Deploy a Spring Boot JAR file app to Azure App Service with Maven and Azure on Linux

In this quickstart, you'll use the Maven Plugin for Azure App Service Web Apps to deploy a Spring Boot application packaged as a Java SE JAR to Azure App Service on Linux. You'll want to choose Java SE deployment over Tomcat and WAR files when you want to consolidate your app's dependencies, runtime, and configuration into a single deployable artifact.

If you don’t have an Azure subscription, create a free account before you begin.

Prerequisites

To complete the steps in this tutorial, you'll need to have the following installed and configured:

Install and sign in to Azure CLI

The simplest and easiest way to get the Maven Plugin deploying your Spring Boot application is by using Azure CLI.

Sign into your Azure account by using the Azure CLI:

az login

Follow the instructions to complete the sign-in process.

Clone the sample app

In this section, you will clone a completed Spring Boot application and test it locally.

  1. Open a command prompt or terminal window and create a local directory to hold your Spring Boot application, and change to that directory; for example:

    md C:\SpringBoot
    cd C:\SpringBoot
    

    -- or --

    mkdir ~/SpringBoot
    cd ~/SpringBoot
    
  2. Clone the Spring Boot Getting Started sample project into the directory you created; for example:

    git clone https://github.com/spring-guides/gs-spring-boot
    
  3. Change directory to the completed project; for example:

    cd gs-spring-boot/complete
    
  4. Build the JAR file using Maven; for example:

    mvn clean package
    
  5. When the web app has been created, start the web app using Maven; for example:

    mvn spring-boot:run
    
  6. Test the web app by browsing to it locally using a web browser. For example, you could use the following command if you have curl available:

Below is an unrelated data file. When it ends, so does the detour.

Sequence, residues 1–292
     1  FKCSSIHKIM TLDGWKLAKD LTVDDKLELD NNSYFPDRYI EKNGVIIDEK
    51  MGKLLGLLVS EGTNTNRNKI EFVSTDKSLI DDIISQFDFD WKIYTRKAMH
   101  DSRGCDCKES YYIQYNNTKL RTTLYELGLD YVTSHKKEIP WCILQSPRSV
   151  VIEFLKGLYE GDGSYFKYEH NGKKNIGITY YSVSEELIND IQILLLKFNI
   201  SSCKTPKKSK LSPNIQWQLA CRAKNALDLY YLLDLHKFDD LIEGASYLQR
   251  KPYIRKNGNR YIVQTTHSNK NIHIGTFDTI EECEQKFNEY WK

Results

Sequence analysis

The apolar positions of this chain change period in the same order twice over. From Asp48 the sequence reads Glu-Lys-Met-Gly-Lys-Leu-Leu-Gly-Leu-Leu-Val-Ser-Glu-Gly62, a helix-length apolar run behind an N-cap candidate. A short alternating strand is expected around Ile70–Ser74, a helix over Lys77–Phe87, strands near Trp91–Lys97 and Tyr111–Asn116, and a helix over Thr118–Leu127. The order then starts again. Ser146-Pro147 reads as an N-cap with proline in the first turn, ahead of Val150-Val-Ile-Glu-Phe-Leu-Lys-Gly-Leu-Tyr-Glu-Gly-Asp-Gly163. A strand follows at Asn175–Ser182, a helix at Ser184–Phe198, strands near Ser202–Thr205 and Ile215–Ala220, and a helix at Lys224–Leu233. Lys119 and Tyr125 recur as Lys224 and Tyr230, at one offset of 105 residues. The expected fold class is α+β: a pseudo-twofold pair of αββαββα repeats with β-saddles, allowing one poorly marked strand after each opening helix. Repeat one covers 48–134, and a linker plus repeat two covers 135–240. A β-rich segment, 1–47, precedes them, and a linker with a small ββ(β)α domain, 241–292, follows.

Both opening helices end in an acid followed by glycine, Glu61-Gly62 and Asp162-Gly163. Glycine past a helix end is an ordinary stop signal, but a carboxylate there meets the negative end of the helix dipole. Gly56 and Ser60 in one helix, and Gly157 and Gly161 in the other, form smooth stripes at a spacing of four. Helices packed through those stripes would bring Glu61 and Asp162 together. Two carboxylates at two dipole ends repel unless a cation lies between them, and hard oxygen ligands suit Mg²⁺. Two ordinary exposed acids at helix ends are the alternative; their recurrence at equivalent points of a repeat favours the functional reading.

curl http://localhost:8080
    
  7. You should see the following message displayed: Greetings from Spring Boot!

Configure Maven Plugin for Azure App Service

In this section, you will configure the Spring Boot project pom.xml so that Maven can deploy the app to Azure App Service on Linux.

  1. Open pom.xml in a code editor.

  2. In the <build> section of the pom.xml, add the following <plugin> entry inside the <plugins> tag.

    <plugin>
     <groupId>com.microsoft.azure</groupId>
     <artifactId>azure-webapp-maven-plugin</artifactId>
     <version>1.8.0</version>
    </plugin>
    
  3. Then you can configure the deployment, run the following maven command in the Command Prompt and use the number to choose these options in the prompt:

    • OS: linux
    • javaVersion: Java 8
    mvn azure-webapp:config
    

    When you get the Confirm (Y/N) prompt, press 'y' and the configuration is done.

    ~@Azure:~/gs-spring-boot/complete$ mvn azure-webapp:config
    [INFO] Scanning for projects...
    [INFO]
    [INFO] -----------------< org.springframework:gs-spring-boot >-----------------
    [INFO] Building gs-spring-boot 0.1.0
    [INFO] --------------------------------[ jar ]---------------------------------
    [INFO]
    [INFO] --- azure-webapp-maven-plugin:1.6.0:config (default-cli) @ gs-spring-boot ---
    [WARNING] The plugin may not work if you change the os of an existing webapp.
    Define value for OS(Default: Linux):
    1. linux [*]
    2. windows
    3. docker
    Enter index to use:
    Define value for javaVersion(Default: Java 8):
    1. Java 11
    2. Java 8 [*]
    Enter index to use:
    Please confirm webapp properties
    AppName : gs-spring-boot-1559091271202